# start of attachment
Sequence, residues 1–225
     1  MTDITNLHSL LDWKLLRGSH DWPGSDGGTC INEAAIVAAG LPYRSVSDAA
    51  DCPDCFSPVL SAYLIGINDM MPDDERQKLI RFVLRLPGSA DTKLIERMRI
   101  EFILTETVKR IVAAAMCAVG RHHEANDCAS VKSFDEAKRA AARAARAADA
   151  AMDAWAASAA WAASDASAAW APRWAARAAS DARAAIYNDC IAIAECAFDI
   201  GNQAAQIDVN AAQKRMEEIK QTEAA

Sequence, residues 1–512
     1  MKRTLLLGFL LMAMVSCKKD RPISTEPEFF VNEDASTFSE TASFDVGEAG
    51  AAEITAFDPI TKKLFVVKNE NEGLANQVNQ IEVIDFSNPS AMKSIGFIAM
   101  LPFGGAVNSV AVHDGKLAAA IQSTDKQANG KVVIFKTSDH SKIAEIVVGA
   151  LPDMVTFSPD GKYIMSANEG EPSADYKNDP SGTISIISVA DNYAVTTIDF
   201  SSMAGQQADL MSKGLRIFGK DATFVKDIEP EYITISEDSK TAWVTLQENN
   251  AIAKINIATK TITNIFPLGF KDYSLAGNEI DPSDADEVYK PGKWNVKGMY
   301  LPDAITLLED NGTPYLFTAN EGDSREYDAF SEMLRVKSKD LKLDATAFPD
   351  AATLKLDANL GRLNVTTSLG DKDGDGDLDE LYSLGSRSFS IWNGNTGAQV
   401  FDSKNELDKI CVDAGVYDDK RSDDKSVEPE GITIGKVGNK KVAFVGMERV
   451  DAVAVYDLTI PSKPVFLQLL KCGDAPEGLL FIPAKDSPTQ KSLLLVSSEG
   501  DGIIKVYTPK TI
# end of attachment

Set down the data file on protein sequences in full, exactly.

Sequence, residues 1–225
     1  MTDITNLHSL LDWKLLRGSH DWPGSDGGTC INEAAIVAAG LPYRSVSDAA
    51  DCPDCFSPVL SAYLIGINDM MPDDERQKLI RFVLRLPGSA DTKLIERMRI
   101  EFILTETVKR IVAAAMCAVG RHHEANDCAS VKSFDEAKRA AARAARAADA
   151  AMDAWAASAA WAASDASAAW APRWAARAAS DARAAIYNDC IAIAECAFDI
   201  GNQAAQIDVN AAQKRMEEIK QTEAA

Sequence, residues 1–512
     1  MKRTLLLGFL LMAMVSCKKD RPISTEPEFF VNEDASTFSE TASFDVGEAG
    51  AAEITAFDPI TKKLFVVKNE NEGLANQVNQ IEVIDFSNPS AMKSIGFIAM
   101  LPFGGAVNSV AVHDGKLAAA IQSTDKQANG KVVIFKTSDH SKIAEIVVGA
   151  LPDMVTFSPD GKYIMSANEG EPSADYKNDP SGTISIISVA DNYAVTTIDF
   201  SSMAGQQADL MSKGLRIFGK DATFVKDIEP EYITISEDSK TAWVTLQENN
   251  AIAKINIATK TITNIFPLGF KDYSLAGNEI DPSDADEVYK PGKWNVKGMY
   301  LPDAITLLED NGTPYLFTAN EGDSREYDAF SEMLRVKSKD LKLDATAFPD
   351  AATLKLDANL GRLNVTTSLG DKDGDGDLDE LYSLGSRSFS IWNGNTGAQV
   401  FDSKNELDKI CVDAGVYDDK RSDDKSVEPE GITIGKVGNK KVAFVGMERV
   451  DAVAVYDLTI PSKPVFLQLL KCGDAPEGLL FIPAKDSPTQ KSLLLVSSEG
   501  DGIIKVYTPK TI